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of the fish, analogous to the stone in the human body. On being squeezed they will eject the Pearl, and often cast it spontaneously in the sand of the stream."
The fame of the Conway as a source of Pearls, led Spencer, writing in the sixteenth century, to describe the river, in his Faerie Queen, in these terms :—
"Conway, which out of his streame doth send Plenty of Pearles to deck his dames withall."
The Welsh Pearls are mostly of a dull colour, and indeed River-Pearls not unfrequently present a dim leaden hue. The author recently received a Pearl from the mouth of the Conway, which was quite black.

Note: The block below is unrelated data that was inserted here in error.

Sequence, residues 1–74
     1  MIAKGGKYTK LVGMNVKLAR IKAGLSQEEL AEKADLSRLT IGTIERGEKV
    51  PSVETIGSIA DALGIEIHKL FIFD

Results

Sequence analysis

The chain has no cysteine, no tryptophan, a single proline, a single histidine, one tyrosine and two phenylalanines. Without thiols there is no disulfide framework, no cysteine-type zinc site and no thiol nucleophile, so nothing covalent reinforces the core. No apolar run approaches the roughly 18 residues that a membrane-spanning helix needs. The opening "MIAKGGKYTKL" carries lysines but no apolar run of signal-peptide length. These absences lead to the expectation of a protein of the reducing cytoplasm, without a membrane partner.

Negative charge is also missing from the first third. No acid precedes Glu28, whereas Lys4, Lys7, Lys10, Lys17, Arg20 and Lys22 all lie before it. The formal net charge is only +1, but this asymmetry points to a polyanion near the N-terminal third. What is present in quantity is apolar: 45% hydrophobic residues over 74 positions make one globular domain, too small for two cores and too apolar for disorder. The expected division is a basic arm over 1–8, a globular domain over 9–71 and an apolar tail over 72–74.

The Pearl mussels are known to the Welsh as Cragen-y-duliw. They are referred by most naturalists, as stated in an early chapter of this work, to the Unto margaritifer, though some con-chologists place them in Say's sub-genus Alasmodonta, and others in Schumacher's sub-genus Margaritana. It appears that in addition to the Pearls obtained from these fresh-water mussels, there are many Welsh Pearls of inferior quality yielded by the common marine mussel—the edible species, Mytilus edulis—which is found abundantly at the mouth of the Conway, where it is largely gathered at low water as bait and as food for swine. These shells